Firstly, I write here with a lack of experience with making thinkers like Alice Walker “fashionable”—such fashion shows most likely exist in academic circles from which I would remain separated… Additionally, every speaker that is allowed to spread their ideas throughout the world with mainstream mass media contributes to a pool of information that children use (correctly and incorrectly) for functional decision making—this is the main reason why I would “want to” “take that away” from a human being with such a media personality—even a charming and seemingly inexhaustibly pleasant person like Alice Walker.

For “us” to have an “Electra complex” imposes upon “us” a Greek model of consciousness. This is a style of thinking that often considers itself absolute in spite of the existence of theories of relativity. This is a style that sees itself embracing diversity and openness which implies that my developing style is “limited,” “rigid” and antagonistic without human reason or focus.

Ultimately, I am very pleased that Tayari Jones mentioned Toni Morrison while she celebrates Alice Walker. Ms. Jones praises Alice Walker for being “open” about her life which implies that there is something wrong with being the apparently closed way Toni Morrison sees. My ignorant, savage guess is that Toni Morrison understands that the concept of fame and its subsidiary, celebrity, are based on relatively recent inventions (like radio, television and the earth satellite). My ignorant, savage guess is that Toni Morrison places these relatively new things in a larger context, implying a functional knowledge of the ancient world that lowers the priority of celebrity for the sake of mental health. While Alice Walker is a “game” changer, I don’t think Toni Morrison is playing the same “game”—and we often assume that they are in the same league without quoting vital stats.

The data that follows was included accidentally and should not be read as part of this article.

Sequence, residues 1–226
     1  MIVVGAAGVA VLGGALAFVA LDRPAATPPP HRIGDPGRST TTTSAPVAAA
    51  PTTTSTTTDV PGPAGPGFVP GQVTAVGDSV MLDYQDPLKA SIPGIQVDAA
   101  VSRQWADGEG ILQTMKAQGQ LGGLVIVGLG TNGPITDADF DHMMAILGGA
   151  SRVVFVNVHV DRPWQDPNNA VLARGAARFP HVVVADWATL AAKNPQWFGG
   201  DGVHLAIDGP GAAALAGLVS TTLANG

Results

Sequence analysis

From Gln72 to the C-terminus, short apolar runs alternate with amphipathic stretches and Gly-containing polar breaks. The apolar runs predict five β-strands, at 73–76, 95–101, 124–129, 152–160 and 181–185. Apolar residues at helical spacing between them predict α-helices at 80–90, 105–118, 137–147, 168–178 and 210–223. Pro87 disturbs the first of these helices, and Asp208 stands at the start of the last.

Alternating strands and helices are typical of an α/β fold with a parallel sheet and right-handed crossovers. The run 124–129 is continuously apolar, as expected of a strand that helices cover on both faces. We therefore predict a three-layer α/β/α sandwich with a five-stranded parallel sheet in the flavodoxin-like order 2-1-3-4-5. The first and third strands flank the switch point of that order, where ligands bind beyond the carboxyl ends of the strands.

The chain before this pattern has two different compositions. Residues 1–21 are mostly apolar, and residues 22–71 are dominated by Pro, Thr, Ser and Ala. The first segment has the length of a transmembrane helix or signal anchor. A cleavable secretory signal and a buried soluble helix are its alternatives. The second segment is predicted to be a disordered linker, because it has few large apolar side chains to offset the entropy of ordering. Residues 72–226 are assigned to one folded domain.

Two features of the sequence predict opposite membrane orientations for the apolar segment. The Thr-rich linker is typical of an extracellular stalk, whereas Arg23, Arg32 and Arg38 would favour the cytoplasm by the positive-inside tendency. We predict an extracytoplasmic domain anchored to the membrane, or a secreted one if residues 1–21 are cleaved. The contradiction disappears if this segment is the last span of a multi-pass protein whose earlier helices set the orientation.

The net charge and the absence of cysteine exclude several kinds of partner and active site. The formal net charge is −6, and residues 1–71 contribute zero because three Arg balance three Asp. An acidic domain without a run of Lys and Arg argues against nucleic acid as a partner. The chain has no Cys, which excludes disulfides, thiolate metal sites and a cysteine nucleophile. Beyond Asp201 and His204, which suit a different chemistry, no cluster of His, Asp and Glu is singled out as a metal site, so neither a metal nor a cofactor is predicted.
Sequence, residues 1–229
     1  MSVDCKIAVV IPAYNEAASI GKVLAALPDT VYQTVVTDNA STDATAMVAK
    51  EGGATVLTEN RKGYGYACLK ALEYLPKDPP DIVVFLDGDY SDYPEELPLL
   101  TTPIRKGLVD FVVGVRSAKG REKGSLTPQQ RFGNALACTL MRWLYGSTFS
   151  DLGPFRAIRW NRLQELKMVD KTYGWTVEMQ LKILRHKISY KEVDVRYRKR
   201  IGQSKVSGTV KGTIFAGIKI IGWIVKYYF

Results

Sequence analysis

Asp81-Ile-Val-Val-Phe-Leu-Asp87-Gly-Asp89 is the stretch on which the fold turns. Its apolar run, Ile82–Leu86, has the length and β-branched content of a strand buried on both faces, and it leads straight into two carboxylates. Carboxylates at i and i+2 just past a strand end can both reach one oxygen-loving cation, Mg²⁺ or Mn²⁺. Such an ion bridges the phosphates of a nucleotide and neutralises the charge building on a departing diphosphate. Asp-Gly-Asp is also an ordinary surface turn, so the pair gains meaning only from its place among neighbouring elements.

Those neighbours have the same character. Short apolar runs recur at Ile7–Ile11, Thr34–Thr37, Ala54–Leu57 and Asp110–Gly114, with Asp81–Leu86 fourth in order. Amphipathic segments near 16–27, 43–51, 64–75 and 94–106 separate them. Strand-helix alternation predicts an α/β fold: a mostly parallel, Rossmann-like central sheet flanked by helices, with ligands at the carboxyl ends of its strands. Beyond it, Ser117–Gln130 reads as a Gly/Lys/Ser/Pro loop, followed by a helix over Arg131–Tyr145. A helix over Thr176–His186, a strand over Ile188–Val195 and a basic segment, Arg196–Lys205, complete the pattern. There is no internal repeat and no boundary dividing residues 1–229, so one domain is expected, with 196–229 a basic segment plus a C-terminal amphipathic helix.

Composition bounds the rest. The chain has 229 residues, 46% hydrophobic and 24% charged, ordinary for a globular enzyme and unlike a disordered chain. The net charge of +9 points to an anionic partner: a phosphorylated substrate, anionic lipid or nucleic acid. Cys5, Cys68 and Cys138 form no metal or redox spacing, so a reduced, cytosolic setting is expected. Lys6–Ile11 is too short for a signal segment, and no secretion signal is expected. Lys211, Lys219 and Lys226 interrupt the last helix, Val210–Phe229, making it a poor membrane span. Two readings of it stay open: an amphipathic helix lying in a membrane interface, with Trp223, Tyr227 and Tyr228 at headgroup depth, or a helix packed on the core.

“Brain Reads Word-by-word”